March heralds the true start of spring when many iconic plants begin flowering – none more so than magnolias. These majestic plants are always associated with the start of the gardening year and the profusion of flowers and blossom that emerges at this wonderful time in the garden
Magnolia ‘Judy’ has beautiful upright, slender, candle-like flowers that gradually unfurl to reveal purple petals, darker at the base and paler at the tips and inside and lasting for several weeks.
Magnolias can vary from tree-like specimens to smaller shrubby varieties that make fine statements in the garden. Magnolia
‘Judy’ is a relatively small, shrubby magnolia that is slow growing and has a similar width to height, reaching around 3m (10ft), with a rounded crown. It can therefore easily be used in mixed plantings or shrub borders and is ideal for the smaller garden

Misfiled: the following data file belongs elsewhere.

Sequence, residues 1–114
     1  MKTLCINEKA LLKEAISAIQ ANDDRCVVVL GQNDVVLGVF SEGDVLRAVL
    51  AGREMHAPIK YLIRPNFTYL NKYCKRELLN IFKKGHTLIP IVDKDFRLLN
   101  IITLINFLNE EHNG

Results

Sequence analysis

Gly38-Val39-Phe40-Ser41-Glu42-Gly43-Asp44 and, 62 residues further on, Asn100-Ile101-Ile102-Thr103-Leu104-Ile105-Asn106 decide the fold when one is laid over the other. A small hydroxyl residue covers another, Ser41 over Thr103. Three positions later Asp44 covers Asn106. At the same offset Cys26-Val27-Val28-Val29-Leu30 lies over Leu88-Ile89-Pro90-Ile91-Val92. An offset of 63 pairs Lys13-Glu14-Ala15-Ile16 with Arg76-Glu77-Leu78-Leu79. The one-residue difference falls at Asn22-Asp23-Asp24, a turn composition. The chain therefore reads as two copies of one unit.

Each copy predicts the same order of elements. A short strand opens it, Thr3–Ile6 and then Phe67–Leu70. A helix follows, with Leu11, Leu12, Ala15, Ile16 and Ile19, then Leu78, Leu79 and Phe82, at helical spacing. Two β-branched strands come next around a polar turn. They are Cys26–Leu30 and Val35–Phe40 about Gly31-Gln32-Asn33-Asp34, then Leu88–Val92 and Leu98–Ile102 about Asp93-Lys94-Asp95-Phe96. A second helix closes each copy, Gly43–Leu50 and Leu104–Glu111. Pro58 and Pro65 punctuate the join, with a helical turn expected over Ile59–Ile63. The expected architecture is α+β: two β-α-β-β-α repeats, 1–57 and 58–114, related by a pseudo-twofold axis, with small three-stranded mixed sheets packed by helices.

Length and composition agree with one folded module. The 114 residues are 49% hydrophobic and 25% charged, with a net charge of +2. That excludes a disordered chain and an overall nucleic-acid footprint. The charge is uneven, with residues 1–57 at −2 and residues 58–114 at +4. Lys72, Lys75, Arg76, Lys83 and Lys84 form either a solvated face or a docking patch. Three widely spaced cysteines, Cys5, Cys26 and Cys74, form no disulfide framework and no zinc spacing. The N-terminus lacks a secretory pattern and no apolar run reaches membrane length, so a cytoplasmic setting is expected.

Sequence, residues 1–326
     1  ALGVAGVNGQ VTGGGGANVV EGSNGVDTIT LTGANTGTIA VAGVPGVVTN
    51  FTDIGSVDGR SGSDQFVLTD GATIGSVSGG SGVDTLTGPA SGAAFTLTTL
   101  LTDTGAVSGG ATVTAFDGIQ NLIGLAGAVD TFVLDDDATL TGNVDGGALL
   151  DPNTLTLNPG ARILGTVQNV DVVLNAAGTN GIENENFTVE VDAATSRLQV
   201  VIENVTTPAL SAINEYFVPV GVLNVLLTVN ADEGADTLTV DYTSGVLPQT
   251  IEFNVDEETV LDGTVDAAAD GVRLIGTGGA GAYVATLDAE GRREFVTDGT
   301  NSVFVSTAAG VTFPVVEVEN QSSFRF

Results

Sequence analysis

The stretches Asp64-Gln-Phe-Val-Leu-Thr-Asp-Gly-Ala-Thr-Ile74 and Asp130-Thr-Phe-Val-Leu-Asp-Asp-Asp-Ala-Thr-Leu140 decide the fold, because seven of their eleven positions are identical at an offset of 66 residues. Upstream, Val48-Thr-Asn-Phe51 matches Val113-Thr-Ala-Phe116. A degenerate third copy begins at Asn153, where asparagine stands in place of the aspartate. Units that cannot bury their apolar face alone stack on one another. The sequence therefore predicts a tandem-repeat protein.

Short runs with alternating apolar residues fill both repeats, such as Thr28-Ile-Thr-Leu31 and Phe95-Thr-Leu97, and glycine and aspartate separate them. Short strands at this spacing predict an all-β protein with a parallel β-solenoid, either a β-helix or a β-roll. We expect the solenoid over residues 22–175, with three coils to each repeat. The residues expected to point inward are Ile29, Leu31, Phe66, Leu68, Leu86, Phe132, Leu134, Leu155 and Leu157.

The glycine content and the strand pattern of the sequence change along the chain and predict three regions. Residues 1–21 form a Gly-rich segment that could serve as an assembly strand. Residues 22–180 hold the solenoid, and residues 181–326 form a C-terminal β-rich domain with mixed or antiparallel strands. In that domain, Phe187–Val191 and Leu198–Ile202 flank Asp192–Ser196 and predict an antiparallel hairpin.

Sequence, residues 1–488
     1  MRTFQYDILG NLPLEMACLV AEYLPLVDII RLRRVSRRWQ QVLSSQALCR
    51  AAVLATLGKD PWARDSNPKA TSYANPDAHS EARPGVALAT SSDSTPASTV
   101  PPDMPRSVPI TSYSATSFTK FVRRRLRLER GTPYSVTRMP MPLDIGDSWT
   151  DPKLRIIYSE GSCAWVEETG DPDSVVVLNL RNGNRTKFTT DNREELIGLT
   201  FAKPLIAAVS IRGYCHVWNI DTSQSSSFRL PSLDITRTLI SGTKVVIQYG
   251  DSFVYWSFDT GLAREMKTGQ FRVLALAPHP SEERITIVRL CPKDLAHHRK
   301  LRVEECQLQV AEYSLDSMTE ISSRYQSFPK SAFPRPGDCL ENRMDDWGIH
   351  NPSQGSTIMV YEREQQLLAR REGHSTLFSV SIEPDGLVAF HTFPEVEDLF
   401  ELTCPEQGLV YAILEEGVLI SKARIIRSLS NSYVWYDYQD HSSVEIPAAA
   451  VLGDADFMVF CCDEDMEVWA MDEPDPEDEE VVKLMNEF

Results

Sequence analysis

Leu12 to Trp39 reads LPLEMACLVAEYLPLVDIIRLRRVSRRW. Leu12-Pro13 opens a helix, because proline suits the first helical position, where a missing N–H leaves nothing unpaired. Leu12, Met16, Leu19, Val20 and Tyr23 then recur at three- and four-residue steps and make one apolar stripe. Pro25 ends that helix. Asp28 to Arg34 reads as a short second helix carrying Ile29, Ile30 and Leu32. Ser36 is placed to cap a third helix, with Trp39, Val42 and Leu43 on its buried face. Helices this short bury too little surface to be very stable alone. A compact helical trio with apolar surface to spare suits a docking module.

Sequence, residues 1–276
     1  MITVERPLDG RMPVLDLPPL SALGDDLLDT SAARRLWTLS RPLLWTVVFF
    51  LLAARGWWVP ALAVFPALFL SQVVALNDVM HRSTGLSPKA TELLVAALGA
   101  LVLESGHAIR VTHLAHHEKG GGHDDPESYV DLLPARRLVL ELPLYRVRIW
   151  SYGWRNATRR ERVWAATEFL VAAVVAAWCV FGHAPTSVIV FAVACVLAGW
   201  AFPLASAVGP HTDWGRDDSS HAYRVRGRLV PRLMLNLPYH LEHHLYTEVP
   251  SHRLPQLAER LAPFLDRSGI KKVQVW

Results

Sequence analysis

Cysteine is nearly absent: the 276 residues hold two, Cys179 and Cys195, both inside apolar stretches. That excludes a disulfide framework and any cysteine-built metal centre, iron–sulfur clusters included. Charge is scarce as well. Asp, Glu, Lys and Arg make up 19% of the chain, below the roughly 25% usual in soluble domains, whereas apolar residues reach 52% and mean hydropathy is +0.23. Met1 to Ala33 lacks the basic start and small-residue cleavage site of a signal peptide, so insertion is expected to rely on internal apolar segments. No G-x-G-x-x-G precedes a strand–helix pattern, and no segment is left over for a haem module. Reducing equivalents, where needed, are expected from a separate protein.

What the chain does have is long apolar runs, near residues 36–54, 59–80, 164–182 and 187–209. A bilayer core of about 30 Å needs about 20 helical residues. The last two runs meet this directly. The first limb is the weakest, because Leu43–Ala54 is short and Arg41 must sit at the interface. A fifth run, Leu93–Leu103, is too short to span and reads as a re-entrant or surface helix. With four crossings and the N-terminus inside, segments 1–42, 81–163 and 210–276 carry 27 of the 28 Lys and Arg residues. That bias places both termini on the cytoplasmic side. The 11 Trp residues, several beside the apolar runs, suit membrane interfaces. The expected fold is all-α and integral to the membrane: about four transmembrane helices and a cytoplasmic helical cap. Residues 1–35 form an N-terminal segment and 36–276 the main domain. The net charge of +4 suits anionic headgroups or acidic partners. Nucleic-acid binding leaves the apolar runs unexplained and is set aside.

, it is part of the Little Girl Series of magnolias that were bred in the USA in the 1950s.
As with all magnolias, the exact point they start flowering will vary considerably depending on the weather conditions but this series of magnolias generally flowers a week or two later than many others which means they are less likely to be caught by late frosts
At RHS Garden Hyde Hall you can find ‘Judy’ in one of the island beds in the Hilltop Garden
in combination with other plants including birches and crab apples which give it a little shelter. The crab apples are smothered in blossom around the same time the magnolia flowers, which makes a spectacular sight. Lower-growing perennials and bulbs work well around the base of magnolias
, such as Narcissus
‘Mount Hood', a large cream-flowered daffodil; as well as other spring flowering gems such as Brunnera
both with small bright blue flowers.
RHS advice: how to grow magnolias
Magnolias for small gardens
Partner Gardens picks: Caerhays magnolias and camellias